And how it affects gun violence
By Jonathan Bowers
One day in the middle of a criminology class this semester at the University of Oslos law faculty, we did a comparison between the level of gun availability and violence in Norway and the U.S. Before I begin, however, I want to offer a short explanation of Norwegian gun culture.
Norway’s police officers do not carry firearms on their person and have never been regularly armed. When firearms are needed, they typically have to call and get permission from the police chief. Such policies have led to only eight officers being shot and killed since 1945. In article by Johannes Knutsson and Jon Strype of the Norwegian National Police Academy entitled “Police Use of Firearms in Norway and Sweden: The Significance of Gun Availability,” the authors explain how approaches to dangerous situations has a fairly dramatic effect on the level of gun use by police officers and ensuing, if any, harm and death from gun use. (Sweden, in contrast to Norway, has an armed police force, much like the U.S.) Such a culture is a carryover from Norwegian society’s outlook on guns as a whole and how their laws reflect that.
While one-third of Norwegians ã out of a population of 4.8 million, much like Oregon ã have guns used almost exclusively for hunting and sport (shotguns, semi-automatic, bolt action) and obtaining gun ownership and use permits involve a lengthy screening process. Handgun ownership is strictly regulated.
That being said, what we found in our comparison was this:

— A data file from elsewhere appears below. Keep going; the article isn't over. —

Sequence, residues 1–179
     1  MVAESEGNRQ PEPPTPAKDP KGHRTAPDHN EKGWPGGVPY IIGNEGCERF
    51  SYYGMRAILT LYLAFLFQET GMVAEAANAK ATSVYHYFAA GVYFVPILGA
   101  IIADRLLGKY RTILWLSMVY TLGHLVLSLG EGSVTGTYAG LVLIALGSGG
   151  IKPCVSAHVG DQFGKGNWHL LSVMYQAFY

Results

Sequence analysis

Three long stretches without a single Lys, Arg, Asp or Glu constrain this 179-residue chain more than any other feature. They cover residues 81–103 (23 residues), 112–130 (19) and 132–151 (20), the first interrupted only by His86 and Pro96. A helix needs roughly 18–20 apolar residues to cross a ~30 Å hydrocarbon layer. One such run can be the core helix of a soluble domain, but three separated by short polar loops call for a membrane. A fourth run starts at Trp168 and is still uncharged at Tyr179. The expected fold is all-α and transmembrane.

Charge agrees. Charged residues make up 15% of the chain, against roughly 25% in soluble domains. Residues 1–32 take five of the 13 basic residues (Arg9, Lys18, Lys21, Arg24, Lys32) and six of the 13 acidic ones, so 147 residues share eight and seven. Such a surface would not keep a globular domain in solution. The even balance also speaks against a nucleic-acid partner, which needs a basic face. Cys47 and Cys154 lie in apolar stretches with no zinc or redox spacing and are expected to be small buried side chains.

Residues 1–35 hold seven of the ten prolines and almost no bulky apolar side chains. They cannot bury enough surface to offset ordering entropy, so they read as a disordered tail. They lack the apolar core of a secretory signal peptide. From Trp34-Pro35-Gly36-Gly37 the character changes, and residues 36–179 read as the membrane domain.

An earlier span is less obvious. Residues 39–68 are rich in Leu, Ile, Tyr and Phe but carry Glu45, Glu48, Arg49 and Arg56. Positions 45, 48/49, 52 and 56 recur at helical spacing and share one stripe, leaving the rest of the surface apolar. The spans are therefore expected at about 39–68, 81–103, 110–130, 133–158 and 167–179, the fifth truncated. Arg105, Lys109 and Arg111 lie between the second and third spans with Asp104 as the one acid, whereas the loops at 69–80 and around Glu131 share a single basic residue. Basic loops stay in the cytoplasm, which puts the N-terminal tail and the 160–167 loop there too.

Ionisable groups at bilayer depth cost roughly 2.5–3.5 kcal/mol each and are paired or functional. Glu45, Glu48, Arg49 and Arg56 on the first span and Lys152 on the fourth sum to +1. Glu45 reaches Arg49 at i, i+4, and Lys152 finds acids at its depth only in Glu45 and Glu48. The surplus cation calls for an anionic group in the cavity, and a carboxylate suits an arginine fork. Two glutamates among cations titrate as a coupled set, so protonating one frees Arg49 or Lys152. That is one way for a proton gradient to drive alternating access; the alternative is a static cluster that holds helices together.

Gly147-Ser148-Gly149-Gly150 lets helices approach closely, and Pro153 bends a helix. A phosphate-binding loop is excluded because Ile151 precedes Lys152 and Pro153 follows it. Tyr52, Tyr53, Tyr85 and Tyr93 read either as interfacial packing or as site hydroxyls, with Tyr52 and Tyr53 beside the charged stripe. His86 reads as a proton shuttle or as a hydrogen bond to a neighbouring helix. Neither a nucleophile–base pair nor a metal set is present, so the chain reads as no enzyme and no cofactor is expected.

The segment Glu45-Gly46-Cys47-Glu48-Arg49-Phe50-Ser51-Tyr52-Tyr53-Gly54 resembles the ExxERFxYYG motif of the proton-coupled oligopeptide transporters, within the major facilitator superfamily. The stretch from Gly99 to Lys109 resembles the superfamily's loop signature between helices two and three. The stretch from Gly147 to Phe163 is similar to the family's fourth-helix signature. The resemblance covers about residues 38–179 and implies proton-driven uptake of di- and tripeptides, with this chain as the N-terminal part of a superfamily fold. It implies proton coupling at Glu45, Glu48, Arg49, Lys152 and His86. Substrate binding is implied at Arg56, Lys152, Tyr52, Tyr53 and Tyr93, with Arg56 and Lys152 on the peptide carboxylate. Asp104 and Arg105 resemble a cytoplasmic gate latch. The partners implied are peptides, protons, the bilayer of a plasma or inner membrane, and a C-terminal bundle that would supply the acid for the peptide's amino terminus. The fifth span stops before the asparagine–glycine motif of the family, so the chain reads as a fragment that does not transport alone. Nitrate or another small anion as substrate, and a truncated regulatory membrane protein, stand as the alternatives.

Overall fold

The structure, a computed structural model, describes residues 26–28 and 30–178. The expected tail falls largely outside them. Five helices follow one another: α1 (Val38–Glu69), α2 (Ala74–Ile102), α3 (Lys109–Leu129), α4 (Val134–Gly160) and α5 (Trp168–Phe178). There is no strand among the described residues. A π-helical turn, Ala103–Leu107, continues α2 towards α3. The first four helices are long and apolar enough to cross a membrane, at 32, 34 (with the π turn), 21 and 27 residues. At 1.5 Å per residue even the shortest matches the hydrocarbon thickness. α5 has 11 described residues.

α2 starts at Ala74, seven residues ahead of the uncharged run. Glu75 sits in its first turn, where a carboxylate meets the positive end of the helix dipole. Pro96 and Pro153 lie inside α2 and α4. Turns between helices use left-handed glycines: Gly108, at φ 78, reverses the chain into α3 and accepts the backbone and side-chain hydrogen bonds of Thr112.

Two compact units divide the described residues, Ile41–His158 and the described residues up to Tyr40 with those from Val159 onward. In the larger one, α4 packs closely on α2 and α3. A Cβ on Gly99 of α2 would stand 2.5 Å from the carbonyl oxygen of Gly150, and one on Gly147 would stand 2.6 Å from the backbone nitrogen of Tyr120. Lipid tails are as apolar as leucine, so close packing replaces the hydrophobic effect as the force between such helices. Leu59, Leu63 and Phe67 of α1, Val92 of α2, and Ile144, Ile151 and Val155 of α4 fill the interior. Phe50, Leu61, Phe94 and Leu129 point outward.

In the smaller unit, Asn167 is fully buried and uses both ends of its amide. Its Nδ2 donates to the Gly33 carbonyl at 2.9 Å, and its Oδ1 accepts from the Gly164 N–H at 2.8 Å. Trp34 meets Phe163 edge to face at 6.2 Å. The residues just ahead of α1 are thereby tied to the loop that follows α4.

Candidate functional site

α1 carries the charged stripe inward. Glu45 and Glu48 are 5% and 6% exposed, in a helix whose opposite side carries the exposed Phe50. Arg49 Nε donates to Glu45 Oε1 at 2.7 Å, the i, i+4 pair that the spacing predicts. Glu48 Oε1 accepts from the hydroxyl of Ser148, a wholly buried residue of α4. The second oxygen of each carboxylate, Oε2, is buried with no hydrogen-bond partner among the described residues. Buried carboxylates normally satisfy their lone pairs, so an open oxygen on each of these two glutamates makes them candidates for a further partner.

The problem in the U.S. is not the general level of violence, but the fact that violence is more lethal. The relevant variable was not guns generally, but handguns specifically, which account for the overwhelming number of gun violence deaths in the U.S. Part of our examination of evidence was drawn from the U.S. Department of Justices statistics on gun violence.
The point of my commentary is to show that, while Norway does not have constitutional right to own a gun, the countrys law dictating gun ownership policy and restrictions (LOV 1961-06-09 nr. 1), especially around handguns, is such that it could, in some form, be applied to a state and not infringe on citizens Second Amendment rights.
I am not suggesting that guns should be banned or Americans should be disarmed; that would be a ludicrous proposition in light of the Second Amendment. However, I feel that Norway has an answer to begin an enlightening and open dialog of how to craft a reasonable gun ownership and use law ã specifically regarding handguns ã while at the same time curtailing the ease to which people have been able to obtain a handgun, which I noted earlier is a relevant variable in lethal deaths in the U.S.
This isn’t about making the U.S. into Norway, but a way of addressing gun, especially handgun, violence and availability without infringing on the Second Amendment rights of U.S. and Oregon citizens.
Jonathan Bowers is a graduate student in the UO School of Journalism and Communication.